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Hartselle Enquirer

Hartselle corn grower earns state honors in national contest 

Special to the Enquirer  

A commitment to continuous improvement in environmental and economic sustainability.  

A contribution to the body of agronomic research that pushes the needle forward on efficiency.  

An innate call to be one’s personal best. 

It is this steadfast spirit the National Corn Growers Association tips its hat to every year in salute to farmers across the country for their efforts and exceptional results in the National Corn Yield Contest. In this year’s contest, a Hartselle farmer is among the winners.  

Through their efforts, NCGA members contributed valuable data that will help all growers overcome obstacles as they continue to drive efficient and sustainable agricultural production.  

Forrest Anders of Hartselle placed second in the nation in the A: Conventional Non‐Irrigated Class with a yield of 279.3484 bushels per acre. The hybrid used in the winning field was Pioneer P2089VYHR.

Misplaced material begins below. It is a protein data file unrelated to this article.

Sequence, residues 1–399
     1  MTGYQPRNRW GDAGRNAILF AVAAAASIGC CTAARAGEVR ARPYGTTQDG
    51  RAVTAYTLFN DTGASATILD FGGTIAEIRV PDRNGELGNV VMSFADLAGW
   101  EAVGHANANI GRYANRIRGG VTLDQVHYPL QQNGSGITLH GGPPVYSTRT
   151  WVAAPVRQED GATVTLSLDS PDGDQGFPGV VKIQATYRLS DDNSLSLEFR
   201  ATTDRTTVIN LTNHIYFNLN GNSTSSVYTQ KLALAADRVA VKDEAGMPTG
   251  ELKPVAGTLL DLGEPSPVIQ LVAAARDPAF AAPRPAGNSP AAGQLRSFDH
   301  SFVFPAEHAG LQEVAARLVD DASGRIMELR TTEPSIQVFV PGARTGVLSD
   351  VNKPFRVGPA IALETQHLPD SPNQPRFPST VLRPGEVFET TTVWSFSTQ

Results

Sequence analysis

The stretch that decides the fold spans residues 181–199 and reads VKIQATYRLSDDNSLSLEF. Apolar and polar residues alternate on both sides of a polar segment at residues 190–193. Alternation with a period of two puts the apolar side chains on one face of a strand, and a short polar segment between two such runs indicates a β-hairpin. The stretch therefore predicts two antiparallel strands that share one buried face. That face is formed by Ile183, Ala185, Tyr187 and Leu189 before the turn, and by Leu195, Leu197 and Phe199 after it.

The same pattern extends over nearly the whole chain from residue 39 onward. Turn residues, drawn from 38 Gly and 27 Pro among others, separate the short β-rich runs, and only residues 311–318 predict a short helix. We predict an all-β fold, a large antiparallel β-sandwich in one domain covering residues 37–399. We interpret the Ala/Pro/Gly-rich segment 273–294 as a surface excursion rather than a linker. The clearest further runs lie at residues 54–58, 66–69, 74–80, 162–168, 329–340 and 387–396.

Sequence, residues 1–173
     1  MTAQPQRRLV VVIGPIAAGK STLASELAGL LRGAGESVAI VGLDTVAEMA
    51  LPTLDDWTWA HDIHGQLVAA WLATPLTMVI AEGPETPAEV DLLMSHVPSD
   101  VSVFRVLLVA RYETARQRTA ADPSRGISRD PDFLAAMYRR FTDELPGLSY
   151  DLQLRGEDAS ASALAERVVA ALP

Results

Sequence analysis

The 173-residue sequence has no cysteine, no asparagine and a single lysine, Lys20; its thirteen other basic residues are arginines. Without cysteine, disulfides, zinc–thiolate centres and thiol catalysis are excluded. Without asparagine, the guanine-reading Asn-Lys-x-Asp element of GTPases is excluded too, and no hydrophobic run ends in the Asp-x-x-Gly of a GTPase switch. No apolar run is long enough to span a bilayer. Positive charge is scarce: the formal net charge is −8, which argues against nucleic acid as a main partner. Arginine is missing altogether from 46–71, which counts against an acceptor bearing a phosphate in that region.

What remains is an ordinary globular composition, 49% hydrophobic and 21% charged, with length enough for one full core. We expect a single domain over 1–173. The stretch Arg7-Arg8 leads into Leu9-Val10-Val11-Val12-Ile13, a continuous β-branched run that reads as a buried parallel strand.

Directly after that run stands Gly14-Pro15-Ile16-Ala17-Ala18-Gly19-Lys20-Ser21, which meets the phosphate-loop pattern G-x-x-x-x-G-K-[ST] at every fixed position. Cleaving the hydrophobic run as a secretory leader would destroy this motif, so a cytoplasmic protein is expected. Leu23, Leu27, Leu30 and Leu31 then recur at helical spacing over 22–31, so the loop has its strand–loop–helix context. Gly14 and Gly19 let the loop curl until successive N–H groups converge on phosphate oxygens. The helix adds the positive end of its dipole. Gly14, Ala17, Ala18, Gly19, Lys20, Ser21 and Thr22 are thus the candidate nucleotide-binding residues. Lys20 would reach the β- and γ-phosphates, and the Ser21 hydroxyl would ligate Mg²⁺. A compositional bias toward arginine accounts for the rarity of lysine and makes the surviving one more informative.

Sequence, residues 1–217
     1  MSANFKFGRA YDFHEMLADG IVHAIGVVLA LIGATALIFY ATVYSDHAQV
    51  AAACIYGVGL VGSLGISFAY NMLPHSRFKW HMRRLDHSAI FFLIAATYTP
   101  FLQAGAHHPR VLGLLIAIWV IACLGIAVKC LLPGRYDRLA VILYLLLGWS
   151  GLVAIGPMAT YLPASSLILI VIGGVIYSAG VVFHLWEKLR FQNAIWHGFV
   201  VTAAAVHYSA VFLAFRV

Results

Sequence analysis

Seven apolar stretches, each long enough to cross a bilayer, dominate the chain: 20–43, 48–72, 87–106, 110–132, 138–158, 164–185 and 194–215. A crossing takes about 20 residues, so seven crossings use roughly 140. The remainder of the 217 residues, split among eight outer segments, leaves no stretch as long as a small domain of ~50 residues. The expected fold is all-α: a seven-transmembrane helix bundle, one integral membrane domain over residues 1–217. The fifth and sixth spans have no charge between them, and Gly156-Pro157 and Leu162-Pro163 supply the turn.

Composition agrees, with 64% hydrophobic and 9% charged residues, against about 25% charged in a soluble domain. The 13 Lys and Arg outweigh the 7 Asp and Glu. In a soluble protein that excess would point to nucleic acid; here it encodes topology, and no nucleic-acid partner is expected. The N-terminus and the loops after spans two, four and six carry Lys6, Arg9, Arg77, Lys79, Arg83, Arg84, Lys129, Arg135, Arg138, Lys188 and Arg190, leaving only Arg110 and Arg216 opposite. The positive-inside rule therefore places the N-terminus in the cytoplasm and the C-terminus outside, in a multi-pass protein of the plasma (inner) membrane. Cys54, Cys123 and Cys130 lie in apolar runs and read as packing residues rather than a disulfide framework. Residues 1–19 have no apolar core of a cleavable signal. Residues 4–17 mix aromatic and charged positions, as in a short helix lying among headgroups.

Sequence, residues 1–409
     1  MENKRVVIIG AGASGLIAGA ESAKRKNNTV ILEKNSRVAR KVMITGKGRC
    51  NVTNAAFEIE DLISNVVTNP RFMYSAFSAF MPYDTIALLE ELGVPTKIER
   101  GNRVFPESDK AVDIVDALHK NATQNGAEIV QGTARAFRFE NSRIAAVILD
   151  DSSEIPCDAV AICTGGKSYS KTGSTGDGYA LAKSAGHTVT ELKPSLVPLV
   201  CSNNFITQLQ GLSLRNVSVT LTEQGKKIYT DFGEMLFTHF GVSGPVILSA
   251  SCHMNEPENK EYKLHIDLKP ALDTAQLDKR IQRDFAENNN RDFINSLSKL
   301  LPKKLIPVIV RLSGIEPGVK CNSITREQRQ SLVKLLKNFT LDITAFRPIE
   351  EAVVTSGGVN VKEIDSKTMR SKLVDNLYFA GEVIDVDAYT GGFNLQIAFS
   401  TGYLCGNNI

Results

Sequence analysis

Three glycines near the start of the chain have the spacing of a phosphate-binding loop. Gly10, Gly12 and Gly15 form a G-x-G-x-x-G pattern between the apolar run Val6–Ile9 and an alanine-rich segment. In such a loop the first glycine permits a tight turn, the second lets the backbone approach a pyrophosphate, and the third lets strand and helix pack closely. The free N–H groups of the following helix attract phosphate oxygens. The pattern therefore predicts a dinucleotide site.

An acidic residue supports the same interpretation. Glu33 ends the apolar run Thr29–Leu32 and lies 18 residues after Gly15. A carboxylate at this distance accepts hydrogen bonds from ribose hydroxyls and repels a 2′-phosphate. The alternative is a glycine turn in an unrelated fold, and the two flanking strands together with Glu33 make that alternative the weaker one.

Anders was one of 530 state winners nationwide.  

The 2021 contest participation included 7,213 entries from 47 states. Of the state winners, 27 growers – three from each of nine classes – were named national winners, representing 14 states. 

“The National Corn Yield Contest provides a special two‐fold opportunity — contribute to the knowledge that will help corn farmers thrive in the future while enjoying good‐natured competition and camaraderie with their peers today,” said Lowell Neitzel, chair of the NCGA’s Member and Consumer Engagement Action Team. “At its core, NCGA shapes dynamic, change‐driven farmers, from the grassroots activists speaking up on policy issues to the dedicated farmer leaders who lead our organization. 

“As farmers, we always strive to do more with less,” Neitzel noted. “We innovate using data, technology and hard‐won expertise. We work tirelessly to leave our farms better for the next generation, with gratitude to those who cared for it before us.  

“I invite new and old faces alike to enter the contest in 2022. I urge you to learn how to start making that positive change today by going to ncga.com.”